Saint of the day:
Patron Saint of Eigg, Scotland
The Story of Saint Donan
St. Donnan (died 618 A.D.)
Donnan is an Irish name that means “world mighty.”
Sometimes we know something about a person, but not too much. This is the case with St. Donnan.
St. Donnan was taught the Catholic faith by St. Columba in Iona, Scotland at a monastery which Columba had founded. Columba was an Irish missionary who was eager to spread the faith to the Scottish people, called the Picts, who had not heard about Jesus. Some of these people were glad to hear about Jesus and others rejected the faith.
St. Donnan was also from Ireland and he, too, saw the importance of helping the Picts learn about Jesus. With 52 other monks, he established a monastery on Eigg Island, which is off the western coast of Scotland. Here the monks lived, prayed, and worked together. From here they journeyed out to teach the Picts about Jesus. They lived a quiet, joyful life together. And together they died.
Three different accounts tell how these monks died. The common thread is that they were killed after prayer, and they were martyred for their faith.
One account states that Donnan, who was abbot of the monks, was offering Holy Mass when robbers arrived by sea. Seeing that these evil men would kill all who were present at the monastery, St. Donnan ask them to wait until Mass was over. This they did, beheading all of the monks once the Mass was completed.
Another account states that a pagan queen of the Picts had Donnan and all of his monks burnt because she was opposed to their teaching about Jesus.
A third account states that Donnan and his monks built their monastery on ground that a rich woman sometimes used to graze her sheep. Resenting this, she hired bandits to kill Donnan and the monks. The monks were at prayer, chanting their psalms, when the bandits arrived. The bandits did not want to kill the men when they were praying so they waited. When Donnan saw what would happen, he had the monks finish their prayers and then go into their kitchen where they were killed.
We know that Donnan was a holy man and that he died because of his faith. These are two important things about him. It does not matter if we don’t know other details. God does.
St. Donan Catholic Church
Scottish Baked Scallops in Shell
1 carrot, chopped
1 leek, sliced
1 tsp vegetable oil
2 scallops per person
100g puff pastry
2 egg yolks, beaten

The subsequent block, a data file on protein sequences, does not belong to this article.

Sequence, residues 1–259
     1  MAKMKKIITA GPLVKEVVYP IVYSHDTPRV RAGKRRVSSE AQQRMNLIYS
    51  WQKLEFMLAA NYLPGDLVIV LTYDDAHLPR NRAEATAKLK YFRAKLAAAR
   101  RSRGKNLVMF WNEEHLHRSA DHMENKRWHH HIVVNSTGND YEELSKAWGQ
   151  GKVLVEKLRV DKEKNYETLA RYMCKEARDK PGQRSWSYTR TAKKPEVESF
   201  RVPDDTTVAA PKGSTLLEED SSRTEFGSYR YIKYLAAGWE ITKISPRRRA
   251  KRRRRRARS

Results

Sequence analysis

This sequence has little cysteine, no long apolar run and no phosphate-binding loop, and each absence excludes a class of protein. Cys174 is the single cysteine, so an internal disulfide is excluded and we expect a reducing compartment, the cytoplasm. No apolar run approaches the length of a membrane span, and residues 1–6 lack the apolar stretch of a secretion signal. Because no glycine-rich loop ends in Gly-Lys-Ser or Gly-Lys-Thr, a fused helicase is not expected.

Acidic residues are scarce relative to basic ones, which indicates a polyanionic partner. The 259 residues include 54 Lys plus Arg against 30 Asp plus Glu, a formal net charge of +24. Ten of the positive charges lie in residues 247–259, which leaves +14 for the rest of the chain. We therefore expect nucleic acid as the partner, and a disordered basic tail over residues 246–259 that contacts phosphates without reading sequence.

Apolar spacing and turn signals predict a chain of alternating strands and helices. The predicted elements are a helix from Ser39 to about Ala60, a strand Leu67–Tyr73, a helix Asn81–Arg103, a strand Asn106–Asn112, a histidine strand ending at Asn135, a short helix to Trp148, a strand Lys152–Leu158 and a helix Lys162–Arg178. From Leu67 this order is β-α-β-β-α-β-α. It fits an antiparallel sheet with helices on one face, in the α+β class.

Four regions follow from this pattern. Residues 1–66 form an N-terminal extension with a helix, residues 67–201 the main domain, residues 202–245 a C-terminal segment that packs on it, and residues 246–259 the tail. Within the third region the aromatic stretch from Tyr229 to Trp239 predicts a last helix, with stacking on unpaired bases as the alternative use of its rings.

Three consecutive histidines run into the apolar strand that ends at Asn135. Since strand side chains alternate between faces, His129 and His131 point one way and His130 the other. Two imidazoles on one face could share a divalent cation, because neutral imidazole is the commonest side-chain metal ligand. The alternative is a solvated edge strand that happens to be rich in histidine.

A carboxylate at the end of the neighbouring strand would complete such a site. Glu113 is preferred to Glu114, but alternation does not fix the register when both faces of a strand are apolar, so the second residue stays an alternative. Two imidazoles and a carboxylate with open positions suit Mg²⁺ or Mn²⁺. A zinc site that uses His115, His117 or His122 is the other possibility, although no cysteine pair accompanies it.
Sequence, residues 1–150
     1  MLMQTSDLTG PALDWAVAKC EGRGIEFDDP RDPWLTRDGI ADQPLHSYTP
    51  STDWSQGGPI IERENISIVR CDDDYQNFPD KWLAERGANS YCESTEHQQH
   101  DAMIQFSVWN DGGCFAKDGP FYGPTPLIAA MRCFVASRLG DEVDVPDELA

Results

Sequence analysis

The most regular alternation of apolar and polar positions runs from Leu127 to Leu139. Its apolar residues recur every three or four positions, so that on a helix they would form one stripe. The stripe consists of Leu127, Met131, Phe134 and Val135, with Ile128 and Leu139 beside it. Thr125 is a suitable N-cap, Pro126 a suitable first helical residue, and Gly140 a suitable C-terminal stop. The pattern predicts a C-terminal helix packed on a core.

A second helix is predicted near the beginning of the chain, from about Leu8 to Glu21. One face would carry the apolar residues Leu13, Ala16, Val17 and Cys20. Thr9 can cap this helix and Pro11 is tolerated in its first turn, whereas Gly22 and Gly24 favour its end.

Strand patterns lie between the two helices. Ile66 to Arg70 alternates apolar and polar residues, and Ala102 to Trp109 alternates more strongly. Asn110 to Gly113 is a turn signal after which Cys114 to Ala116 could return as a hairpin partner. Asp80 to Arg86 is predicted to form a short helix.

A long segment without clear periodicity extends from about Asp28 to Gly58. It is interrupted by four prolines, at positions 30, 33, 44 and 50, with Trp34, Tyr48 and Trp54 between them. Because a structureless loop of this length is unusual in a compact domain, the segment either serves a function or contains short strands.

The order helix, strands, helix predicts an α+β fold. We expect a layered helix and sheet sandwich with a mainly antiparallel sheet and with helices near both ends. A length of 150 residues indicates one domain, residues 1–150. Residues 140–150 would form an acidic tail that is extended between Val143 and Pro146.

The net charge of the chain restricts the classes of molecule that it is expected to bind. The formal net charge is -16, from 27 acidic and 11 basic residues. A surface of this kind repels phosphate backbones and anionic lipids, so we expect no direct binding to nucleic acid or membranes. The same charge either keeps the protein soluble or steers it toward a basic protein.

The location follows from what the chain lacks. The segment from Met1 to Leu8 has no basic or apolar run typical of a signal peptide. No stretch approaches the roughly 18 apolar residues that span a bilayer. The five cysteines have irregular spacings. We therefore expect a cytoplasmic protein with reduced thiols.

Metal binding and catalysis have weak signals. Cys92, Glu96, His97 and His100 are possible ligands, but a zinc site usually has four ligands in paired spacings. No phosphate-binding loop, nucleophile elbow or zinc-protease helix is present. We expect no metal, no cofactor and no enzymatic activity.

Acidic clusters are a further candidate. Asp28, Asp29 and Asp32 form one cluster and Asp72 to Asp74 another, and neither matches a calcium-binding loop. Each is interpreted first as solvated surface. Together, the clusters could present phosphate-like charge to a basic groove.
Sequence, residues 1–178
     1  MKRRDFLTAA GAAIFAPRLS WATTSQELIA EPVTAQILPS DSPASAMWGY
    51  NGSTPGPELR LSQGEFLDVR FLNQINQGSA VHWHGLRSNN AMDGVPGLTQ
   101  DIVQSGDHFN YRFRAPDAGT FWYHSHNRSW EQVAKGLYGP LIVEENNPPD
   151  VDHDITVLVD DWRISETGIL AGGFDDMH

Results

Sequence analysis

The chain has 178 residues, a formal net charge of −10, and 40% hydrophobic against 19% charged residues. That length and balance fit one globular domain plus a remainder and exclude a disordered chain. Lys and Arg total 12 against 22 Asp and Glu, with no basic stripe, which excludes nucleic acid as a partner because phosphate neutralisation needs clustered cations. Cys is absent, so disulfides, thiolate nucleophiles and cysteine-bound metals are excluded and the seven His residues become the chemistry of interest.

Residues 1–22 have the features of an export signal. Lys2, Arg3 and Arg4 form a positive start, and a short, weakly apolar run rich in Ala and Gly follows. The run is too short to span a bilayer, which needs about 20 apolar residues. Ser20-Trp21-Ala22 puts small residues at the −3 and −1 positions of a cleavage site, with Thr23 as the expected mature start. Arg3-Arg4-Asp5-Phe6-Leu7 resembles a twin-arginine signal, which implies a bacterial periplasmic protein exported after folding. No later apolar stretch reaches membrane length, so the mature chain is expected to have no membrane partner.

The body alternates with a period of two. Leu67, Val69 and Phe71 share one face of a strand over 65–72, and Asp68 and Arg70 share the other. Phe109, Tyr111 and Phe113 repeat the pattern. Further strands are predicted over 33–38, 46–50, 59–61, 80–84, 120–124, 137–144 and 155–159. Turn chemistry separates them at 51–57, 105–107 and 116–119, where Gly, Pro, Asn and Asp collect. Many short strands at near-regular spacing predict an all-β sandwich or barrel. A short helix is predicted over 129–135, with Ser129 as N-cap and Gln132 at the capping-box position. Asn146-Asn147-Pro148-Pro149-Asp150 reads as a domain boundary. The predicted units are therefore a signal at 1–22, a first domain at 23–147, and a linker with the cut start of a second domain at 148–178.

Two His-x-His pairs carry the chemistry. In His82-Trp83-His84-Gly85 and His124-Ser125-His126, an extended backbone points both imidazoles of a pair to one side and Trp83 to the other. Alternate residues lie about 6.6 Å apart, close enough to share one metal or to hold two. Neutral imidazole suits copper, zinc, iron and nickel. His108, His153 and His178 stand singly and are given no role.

seaweed or rock salt for serving
For the white wine sauce
1 tbsp olive oil
100g shallots, sliced
250ml Noilly Prat vermouth
250ml fish stock
250ml whipping cream
salt and pepper
½ tbsp grain mustard
1 tbsp chopped dill
Scallops in the shell
To prepare the white wine sauce
Heat a heavy-bottomed pan on top of the stove and the olive oil. Sweat the shallots gently for 3-4 minutes. Add the Noilly Prat and the fish stock and continue to cook until the mixture is reduced and has a syrupy consistency. Add the cream, bring back to the boil and reduce again slightly. Season with salt and pepper, then pass through a strainer or sieve. Add the grain mustard and chopped dill.
To prepare the scallops
Slip a sharp thin knife between the shells and cut through the large white muscle tab to release one side of the shell. Pry open the shell and pull everything out. Using a spoon, neatly scoop out the meat. Separate the white meat from the outer skirt and roe (the skirt and roe can be kept for making sauces and they freeze well). Rinse the scallops and keep them in the fridge on a paper towel. Rinse the shells and pat them dry.
To assemble the dish
Sweat the carrot and leek in the vegetable oil over a low heat. Season and cook until they are soft but not browned. Allow to cool. Take 4 washed shells and divide the leeks and carrots between them. Cut the scallops in half through the middle, season and place 4 pieces on each shell. Cover with 3 tablespoons of white wine sauce and top with the other shells.
Preheat the oven to 200C/Gas Mark 6. Roll out the puff pastry and cut into thin strips. Place a pastry strip around each scallop to seal the two shells together. Gently press the pastry in place to ensure that the seal is tight and there are no holes. Brush with egg yolk and cook in the hot oven for 10 minutes until the pastry is golden brown.
Remove the scallop shells from the oven and run a sharp knife all the way around the outer crust. Serve on a bed of seaweed or some rock salt mixed with a little water to stop the shells rocking about and let your guests open the shells.